Date of this Version
Transl. Anim. Sci. 2020.4:1-11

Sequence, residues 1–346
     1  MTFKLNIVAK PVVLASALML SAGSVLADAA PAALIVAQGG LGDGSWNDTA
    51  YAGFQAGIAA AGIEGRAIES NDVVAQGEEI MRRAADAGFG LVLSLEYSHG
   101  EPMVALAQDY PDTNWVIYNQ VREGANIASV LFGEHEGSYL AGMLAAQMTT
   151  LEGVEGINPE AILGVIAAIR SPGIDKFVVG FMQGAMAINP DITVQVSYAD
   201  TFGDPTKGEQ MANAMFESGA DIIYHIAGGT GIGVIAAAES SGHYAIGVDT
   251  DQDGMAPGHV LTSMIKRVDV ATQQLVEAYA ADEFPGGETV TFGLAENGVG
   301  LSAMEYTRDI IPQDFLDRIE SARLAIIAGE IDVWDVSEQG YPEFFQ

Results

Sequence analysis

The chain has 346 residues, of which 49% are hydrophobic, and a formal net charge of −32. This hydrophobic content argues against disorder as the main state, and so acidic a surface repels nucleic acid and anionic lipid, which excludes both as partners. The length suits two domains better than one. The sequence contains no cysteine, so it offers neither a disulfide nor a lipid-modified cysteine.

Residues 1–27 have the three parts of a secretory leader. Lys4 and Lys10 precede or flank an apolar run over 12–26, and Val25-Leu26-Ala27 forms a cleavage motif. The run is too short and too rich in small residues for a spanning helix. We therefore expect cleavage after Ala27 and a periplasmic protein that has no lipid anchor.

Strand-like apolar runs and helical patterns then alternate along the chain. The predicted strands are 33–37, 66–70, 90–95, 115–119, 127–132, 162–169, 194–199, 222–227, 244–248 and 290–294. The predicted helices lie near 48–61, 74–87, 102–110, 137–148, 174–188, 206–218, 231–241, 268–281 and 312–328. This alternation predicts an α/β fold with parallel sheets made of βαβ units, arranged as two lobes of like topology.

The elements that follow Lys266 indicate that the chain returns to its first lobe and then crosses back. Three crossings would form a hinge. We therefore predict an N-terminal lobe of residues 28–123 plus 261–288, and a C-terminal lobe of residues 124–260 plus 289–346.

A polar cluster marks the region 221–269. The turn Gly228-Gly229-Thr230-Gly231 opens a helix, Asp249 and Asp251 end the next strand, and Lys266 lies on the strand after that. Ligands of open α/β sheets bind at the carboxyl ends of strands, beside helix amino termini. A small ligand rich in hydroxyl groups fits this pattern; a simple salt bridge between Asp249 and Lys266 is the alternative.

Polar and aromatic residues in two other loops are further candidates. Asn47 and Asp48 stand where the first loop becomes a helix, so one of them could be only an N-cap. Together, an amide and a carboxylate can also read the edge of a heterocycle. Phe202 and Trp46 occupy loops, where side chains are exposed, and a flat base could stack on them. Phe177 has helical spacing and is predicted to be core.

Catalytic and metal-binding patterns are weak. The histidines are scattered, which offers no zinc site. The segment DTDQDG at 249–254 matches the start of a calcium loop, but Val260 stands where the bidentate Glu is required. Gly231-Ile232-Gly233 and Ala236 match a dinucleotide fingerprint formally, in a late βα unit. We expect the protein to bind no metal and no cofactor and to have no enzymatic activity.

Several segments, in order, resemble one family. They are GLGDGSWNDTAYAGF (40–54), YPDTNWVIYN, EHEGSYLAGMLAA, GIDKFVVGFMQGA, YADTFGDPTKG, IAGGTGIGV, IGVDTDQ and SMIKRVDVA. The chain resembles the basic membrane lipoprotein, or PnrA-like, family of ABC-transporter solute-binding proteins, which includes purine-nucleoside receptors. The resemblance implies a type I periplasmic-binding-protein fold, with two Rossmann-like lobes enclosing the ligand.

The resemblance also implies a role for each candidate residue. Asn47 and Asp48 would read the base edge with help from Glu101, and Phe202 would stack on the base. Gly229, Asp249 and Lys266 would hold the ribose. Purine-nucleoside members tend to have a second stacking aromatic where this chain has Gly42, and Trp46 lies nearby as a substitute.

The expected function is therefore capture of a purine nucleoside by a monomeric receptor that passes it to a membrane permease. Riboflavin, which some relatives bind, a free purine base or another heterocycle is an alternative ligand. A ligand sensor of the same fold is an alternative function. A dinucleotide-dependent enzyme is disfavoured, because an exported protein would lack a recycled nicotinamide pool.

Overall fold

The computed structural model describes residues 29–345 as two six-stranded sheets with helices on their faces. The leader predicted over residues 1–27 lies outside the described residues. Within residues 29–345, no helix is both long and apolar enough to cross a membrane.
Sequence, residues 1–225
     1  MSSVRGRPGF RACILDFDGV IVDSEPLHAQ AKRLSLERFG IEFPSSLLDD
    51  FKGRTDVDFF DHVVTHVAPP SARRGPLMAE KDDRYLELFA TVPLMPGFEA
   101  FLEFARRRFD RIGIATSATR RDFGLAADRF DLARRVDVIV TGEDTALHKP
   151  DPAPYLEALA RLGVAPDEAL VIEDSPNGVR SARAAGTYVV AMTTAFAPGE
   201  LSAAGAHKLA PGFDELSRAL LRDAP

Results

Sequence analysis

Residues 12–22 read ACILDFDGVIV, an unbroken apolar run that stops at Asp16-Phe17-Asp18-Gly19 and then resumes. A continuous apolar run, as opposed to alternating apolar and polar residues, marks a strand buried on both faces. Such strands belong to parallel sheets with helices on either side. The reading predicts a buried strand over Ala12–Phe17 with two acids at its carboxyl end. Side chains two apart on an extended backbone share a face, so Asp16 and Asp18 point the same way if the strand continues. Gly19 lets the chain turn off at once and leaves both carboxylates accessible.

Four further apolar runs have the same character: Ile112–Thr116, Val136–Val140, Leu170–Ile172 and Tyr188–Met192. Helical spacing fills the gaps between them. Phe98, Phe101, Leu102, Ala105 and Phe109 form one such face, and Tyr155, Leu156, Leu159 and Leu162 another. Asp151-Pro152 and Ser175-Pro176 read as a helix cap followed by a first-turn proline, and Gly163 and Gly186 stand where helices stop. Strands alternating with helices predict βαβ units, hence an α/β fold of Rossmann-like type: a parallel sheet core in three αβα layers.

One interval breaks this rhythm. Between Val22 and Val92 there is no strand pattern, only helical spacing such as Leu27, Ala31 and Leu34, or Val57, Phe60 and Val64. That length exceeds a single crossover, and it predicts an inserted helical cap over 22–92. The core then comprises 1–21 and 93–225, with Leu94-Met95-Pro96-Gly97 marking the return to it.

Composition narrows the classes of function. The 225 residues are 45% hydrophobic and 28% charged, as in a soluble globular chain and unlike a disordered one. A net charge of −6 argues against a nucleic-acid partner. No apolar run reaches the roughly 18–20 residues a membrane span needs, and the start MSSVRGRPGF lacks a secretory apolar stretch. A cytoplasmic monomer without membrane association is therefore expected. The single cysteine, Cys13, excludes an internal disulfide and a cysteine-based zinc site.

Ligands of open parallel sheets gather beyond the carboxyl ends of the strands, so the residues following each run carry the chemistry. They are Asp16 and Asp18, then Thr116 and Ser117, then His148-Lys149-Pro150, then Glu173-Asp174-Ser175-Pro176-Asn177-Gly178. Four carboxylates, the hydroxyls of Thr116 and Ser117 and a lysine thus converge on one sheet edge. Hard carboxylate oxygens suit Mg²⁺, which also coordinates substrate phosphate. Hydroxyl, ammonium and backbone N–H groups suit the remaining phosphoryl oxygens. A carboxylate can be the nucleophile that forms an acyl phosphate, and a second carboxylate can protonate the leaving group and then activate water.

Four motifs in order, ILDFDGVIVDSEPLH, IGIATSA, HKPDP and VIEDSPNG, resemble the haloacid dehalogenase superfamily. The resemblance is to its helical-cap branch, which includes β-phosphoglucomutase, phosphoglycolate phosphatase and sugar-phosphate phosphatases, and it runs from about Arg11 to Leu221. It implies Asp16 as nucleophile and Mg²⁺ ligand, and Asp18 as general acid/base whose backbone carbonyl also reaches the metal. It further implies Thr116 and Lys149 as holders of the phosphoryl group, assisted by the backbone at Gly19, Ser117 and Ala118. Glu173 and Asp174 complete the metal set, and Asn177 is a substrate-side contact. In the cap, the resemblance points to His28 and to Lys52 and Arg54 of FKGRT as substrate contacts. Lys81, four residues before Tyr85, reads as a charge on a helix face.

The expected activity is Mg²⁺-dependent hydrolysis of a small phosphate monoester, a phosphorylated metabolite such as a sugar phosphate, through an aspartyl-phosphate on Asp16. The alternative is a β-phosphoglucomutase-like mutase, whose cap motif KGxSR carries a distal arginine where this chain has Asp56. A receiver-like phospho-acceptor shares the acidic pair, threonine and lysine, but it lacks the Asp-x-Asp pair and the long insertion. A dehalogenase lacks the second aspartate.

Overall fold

Optimizing beef production system efficiency requires an understanding of genetic potential suitable for a given production environment. Therefore, the objective of this retrospective analysis was to determine the influence of cow body weight (BW) adjusted to a common body condition score (BCS) of 5 at weaning-influenced cow-calf performance and postweaning steer and heifer progeny performance. Data were collected at the Gudmundsen Sandhills Laboratory, Whitman, NE, on crossbred, mature cows (n = 1,607) from 2005 to 2017. Cow BCS at calving, prebreeding, and weaning were positively associated (P < 0.01) with greater cow BW. Increasing cow BW was positively associated (P < 0.01) with the percentage of cows that conceived during a 45-d breeding season. For every additional 100-kg increase in cow BW, calf BW increased (P < 0.01) at birth by 2.70 kg and adjusted 205-d weaning BW by 14.76 kg. Calf preweaning average daily gain (ADG) increased (P < 0.01) 0.06 kg/d for every additional 100-kg increase in cow BW. Heifer progeny BW increased (P < 0.01) postweaning with every additional 100-kg increase in dam BW. Dam BW did not influence (P ≥ 0.11) heifer puberty status prior to breeding, overall pregnancy rates, or the percentage of heifers calving in the first 21 d of the calving season. Steer initial feedlot BW increased by 7.20 kg, reimplant BW increased by 10.47 kg, and final BW increased by 10.29 kg (P ≤ 0.01) for every additional 100-kg increase in dam BW. However, steer feedlot ADG was not influenced (P > 0.67) by dam BW. Hot carcass weights of steers were increased (P = 0.01) by 6.48 kg with every additional 100-kg increase in cow BW. In a hypothetical model using the regression coefficients from this study, regardless of pricing method, cow-calf producers maximize the highest amount of profit by selecting smaller cows. Overall, larger-sized cows within this herd and production system of the current study had increased reproductive performance and offspring BW; however, total production output and economic returns would be potentially greater when utilizing smaller-sized cows.